“We need to be creative and think outside the mandated boxes. If we do so, we create a general model for satisfying the three main demands [to conserve environmentally sensitive lands, increase housing and make it profitable to do both] that also apply elsewhere in HRM, even across Canada.”
In an op-ed in the Chronicle Herald published on July 2, 2022, Bluff Trail founder & Philosophy Prof (retired) Richmond Campbell suggests that land swaps could be a win-win-win solution to the the ‘Sandy Lake versus Development Dilemma’.
In such swaps, developers would acquire land suitable for fast-tracked housing development currently held by HRM or the provincial government in exchange for environmentally vulnerable land owned by the developer. It would a be a win-win-win, says Campbell:
1. for environmentalists wanting to conserve biodiversity, to fight climate change, and to preserve the recreational and educational values at Sandy Lake;
2. for those who rightly recognize the need for fast-tracking housing;
3. for the developers who expect to make a profit in building the needed housing and who respect the environment.
Specific proposals and an apparent willingness of the developer to consider land swaps are cited in a 4 page document prepared by the The Sandy Lake-Sackville River Regional Park Coalition for a meeting with the Housing Task Force earlier this year.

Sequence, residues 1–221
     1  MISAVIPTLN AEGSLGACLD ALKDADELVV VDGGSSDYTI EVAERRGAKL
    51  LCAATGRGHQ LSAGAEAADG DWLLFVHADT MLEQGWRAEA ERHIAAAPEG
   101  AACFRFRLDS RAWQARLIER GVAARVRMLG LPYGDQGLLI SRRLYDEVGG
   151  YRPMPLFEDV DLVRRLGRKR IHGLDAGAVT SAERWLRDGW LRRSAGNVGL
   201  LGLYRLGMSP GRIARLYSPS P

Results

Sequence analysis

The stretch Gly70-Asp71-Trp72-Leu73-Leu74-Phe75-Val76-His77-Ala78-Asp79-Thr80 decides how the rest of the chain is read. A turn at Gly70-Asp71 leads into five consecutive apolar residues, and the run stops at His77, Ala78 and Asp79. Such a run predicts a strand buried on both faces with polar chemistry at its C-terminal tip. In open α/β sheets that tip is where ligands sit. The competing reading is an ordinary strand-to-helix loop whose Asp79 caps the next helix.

Campbell notes that there are some hurdles to overcome:
The housing task force’s senior executive director, Vicki Elliott-Lopez, said that land exchanges were not in her mandate. On May 3, Environment and Climate Change Minister Tim Halman said the same applied to his department. Fair enough, but the government can make the option of land exchanges become part of their mandates. Such land exchanges are neither unlawful nor unusual.
But says Campbell
We need to be creative and think outside the mandated boxes. If we do so, we create a general model for satisfying the three main demands that also apply elsewhere in HRM, even across Canada. That flexibility fits well with the premier’s open style. What significant impediment stands in the way?
…Better to work out the details of a solution that reflects all our values and enhances the immense attractions of HRM than to pursue a plan that serves only one or two of the three interests mentioned and, with the threat of climate change, perhaps even those not for long.